The secretary of state officially resides in Hillsborough Castle, which was previously the official residence of the governor of Northern Ireland, and remains the royal residence of the monarch in Northern Ireland. The secretary of state exercises their duties through, and is administratively supported by, the Northern Ireland Office (NIO).
The devolved administration was suspended several times (especially between 15 October 2002 and 8 May 2007) because the Ulster Unionist Party and Democratic Unionist Party were uncomfortable being in government with Sinn Féin when the Provisional Irish Republican Army had failed to decommission its arms fully and continued its criminal activities. On each of these occasions, the responsibilities of the ministers in the Executive then returned to the Secretary of State and his ministers. During these periods, in addition to administration of the region, the Secretary of State was also heavily involved in the negotiations with all parties to restore devolved government.
Power was again devolved to the Northern Ireland Assembly on 8 May 2007. The Secretary of State retained responsibility for policing and justice until most of those powers were devolved on 12 April 2010. Robert Hazell has suggested merging the offices of Secretary of State for Northern Ireland, Scotland and Wales into one Secretary of State for the Union, in a department into which Rodney Brazier has suggested adding a Minister of State for England with responsibility for English local government.
|Portrait||Name||Term of office||Length of term||Party||Prime Minister|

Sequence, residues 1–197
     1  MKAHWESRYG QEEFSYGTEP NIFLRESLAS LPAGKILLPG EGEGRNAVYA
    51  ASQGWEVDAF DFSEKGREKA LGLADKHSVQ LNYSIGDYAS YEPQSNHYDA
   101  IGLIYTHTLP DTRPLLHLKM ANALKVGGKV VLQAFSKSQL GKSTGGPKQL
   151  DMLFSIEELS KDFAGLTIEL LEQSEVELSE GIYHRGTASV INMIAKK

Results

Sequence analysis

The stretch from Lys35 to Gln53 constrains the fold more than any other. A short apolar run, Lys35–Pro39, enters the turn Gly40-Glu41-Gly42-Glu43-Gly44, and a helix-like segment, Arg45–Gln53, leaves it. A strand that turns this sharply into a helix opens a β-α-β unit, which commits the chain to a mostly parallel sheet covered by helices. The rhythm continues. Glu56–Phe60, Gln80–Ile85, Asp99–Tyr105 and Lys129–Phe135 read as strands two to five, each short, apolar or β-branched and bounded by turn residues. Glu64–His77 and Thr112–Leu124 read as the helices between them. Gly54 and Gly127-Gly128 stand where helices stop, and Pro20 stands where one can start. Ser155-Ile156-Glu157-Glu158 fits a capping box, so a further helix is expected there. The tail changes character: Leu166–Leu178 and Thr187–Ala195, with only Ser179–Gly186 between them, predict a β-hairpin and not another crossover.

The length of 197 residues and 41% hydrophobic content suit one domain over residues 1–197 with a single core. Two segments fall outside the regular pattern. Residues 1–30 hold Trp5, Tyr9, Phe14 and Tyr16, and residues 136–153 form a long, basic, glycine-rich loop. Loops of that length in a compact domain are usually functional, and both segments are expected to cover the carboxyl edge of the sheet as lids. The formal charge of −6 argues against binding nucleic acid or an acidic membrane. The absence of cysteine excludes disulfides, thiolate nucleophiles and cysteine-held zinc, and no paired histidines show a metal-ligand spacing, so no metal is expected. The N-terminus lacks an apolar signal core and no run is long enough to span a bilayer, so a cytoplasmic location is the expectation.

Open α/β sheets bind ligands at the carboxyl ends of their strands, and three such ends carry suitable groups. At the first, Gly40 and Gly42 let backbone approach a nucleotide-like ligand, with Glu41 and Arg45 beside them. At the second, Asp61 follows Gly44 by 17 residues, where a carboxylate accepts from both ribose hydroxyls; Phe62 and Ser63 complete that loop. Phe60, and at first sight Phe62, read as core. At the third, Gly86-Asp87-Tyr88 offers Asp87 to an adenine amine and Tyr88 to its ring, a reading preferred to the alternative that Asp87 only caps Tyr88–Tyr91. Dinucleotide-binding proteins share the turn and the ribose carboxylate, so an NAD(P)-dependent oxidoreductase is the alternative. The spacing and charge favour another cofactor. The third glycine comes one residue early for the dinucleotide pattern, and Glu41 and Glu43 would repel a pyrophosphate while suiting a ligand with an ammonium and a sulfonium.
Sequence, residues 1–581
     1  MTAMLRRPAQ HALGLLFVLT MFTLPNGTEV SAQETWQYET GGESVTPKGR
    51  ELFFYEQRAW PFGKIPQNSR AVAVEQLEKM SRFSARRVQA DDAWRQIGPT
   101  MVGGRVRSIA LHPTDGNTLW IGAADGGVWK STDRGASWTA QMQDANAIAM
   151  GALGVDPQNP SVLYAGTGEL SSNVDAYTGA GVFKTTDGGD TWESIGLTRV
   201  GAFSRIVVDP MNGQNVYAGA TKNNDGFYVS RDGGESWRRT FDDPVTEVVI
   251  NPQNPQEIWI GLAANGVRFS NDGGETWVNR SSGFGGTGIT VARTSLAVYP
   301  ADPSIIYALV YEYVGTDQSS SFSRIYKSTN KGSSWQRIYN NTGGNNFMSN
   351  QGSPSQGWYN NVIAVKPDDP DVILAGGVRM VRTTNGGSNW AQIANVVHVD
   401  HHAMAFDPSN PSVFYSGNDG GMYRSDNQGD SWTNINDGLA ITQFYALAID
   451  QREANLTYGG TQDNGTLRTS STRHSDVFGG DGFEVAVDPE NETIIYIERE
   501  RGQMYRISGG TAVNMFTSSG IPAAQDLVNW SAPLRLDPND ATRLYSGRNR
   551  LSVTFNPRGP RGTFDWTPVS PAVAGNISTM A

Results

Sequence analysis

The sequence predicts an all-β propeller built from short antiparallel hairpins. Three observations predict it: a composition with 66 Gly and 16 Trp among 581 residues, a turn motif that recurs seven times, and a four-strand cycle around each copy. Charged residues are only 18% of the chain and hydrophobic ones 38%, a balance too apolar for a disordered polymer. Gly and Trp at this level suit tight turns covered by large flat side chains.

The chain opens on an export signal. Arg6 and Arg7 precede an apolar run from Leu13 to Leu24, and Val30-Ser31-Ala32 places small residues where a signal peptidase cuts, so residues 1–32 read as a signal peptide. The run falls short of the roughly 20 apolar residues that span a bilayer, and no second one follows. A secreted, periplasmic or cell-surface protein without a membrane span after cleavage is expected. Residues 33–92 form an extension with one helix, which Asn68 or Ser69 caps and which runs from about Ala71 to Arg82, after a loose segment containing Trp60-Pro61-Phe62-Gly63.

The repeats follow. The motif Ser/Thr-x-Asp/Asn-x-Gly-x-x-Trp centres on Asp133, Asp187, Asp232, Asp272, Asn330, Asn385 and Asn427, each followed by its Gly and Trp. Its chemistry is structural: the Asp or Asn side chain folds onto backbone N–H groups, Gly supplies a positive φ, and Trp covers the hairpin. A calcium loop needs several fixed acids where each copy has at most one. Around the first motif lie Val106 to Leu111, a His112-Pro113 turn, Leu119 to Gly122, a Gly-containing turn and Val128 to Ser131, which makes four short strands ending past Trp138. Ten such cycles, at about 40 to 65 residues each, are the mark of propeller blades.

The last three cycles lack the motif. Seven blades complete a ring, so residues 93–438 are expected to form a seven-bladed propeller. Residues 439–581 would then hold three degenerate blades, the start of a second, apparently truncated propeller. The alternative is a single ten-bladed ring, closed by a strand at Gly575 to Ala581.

MP for Penrith and The Border
|24 March 1972||2 December 1973||1 year, 253 days||Conservative||Edward Heath|
MP for Cambridgeshire
|2 December 1973||4 March 1974||3 months and 2 days||Conservative|
MP for Leeds South
|5 March 1974||10 September 1976||2 years, 189 days||Labour||Harold Wilson|
MP for Barnsley
|10 September 1976||4 May 1979||2 years, 236 days||Labour||James Callaghan|
MP for Spelthorne
|5 May 1979||14 September 1981||2 years, 132 days||Conservative||Margaret Thatcher|
MP for Lowestoft (until 1983)
MP for Waveney (from 1983)
|14 September 1981||11 September 1984||2 years, 363 days||Conservative|
MP for Witney
|11 September 1984||3 September 1985||11 months and 23 days||Conservative|
MP for Bridgwater
|3 September 1985||24 July 1989||3 years, 324 days||Conservative|
MP for Cities of London
and Westminster South
|24 July 1989||10 April 1992||2 years, 261 days||Conservative|
|Sir Patrick Mayhew
MP for Tunbridge Wells
|10 April 1992||2 May 1997||5 years and 22 days||Conservative|
MP for Redcar
|3 May 1997||11 October 1999||2 years, 161 days||Labour||Tony Blair|
MP for Hartlepool
|11 October 1999||24 January 2001||1 year, 105 days||Labour|
MP for Hamilton North and Bellshill
|25 January 2001||24 October 2002||1 year, 272 days||Labour|
MP for Torfaen
|24 October 2002||6 May 2005||2 years, 194 days||Labour|
MP for Neath
(also Welsh Secretary)
|6 May 2005||28 June 2007||2 years, 53 days||Labour|
MP for St Helens South
|28 June 2007||11 May 2010||2 years, 317 days||Labour||Gordon Brown|
MP for North Shropshire
|12 May 2010||4 September 2012||2 years, 115 days||Conservative||David Cameron|
MP for Chipping Barnet
|4 September 2012||14 July 2016||3 years, 314 days||Conservative|
MP for Old Bexley and Sidcup
|14 July 2016||8 January 2018||1 year, 178 days||Conservative||Theresa May|
MP for Staffordshire Moorlands
|8 January 2018||24 July 2019||1 year, 197 days||Conservative|
MP for Skipton and Ripon
|24 July 2019||13 February 2020||6 months and 20 days||Conservative||Boris Johnson|
MP for Great Yarmouth
|13 February 2020||7 July 2022||2 years, 144 days||Conservative|
MP for North West Cambridgeshire
|7 July 2022||Incumbent||13 days*||Conservative|
* Incumbent's length of term last updated: 20 July 2022.